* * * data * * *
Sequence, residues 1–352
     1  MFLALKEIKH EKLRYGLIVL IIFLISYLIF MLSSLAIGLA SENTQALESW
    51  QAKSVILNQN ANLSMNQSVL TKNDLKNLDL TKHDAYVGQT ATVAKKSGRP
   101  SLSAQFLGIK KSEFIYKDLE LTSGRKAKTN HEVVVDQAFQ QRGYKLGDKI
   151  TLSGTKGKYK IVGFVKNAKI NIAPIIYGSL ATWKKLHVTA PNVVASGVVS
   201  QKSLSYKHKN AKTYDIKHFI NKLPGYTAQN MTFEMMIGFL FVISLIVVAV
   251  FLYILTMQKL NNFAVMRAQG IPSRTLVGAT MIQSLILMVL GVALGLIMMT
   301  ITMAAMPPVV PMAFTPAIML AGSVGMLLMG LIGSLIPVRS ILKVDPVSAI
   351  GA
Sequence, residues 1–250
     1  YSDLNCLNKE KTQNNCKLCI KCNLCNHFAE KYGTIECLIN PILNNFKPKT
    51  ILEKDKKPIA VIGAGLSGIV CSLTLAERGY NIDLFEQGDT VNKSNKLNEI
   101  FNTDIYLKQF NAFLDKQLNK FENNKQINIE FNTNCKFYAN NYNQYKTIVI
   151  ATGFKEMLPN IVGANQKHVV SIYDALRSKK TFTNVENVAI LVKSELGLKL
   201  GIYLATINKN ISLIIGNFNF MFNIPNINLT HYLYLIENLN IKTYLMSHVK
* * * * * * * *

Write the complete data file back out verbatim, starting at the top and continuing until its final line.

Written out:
Sequence, residues 1–352
     1  MFLALKEIKH EKLRYGLIVL IIFLISYLIF MLSSLAIGLA SENTQALESW
    51  QAKSVILNQN ANLSMNQSVL TKNDLKNLDL TKHDAYVGQT ATVAKKSGRP
   101  SLSAQFLGIK KSEFIYKDLE LTSGRKAKTN HEVVVDQAFQ QRGYKLGDKI
   151  TLSGTKGKYK IVGFVKNAKI NIAPIIYGSL ATWKKLHVTA PNVVASGVVS
   201  QKSLSYKHKN AKTYDIKHFI NKLPGYTAQN MTFEMMIGFL FVISLIVVAV
   251  FLYILTMQKL NNFAVMRAQG IPSRTLVGAT MIQSLILMVL GVALGLIMMT
   301  ITMAAMPPVV PMAFTPAIML AGSVGMLLMG LIGSLIPVRS ILKVDPVSAI
   351  GA
Sequence, residues 1–250
     1  YSDLNCLNKE KTQNNCKLCI KCNLCNHFAE KYGTIECLIN PILNNFKPKT
    51  ILEKDKKPIA VIGAGLSGIV CSLTLAERGY NIDLFEQGDT VNKSNKLNEI
   101  FNTDIYLKQF NAFLDKQLNK FENNKQINIE FNTNCKFYAN NYNQYKTIVI
   151  ATGFKEMLPN IVGANQKHVV SIYDALRSKK TFTNVENVAI LVKSELGLKL
   201  GIYLATINKN ISLIIGNFNF MFNIPNINLT HYLYLIENLN IKTYLMSHVK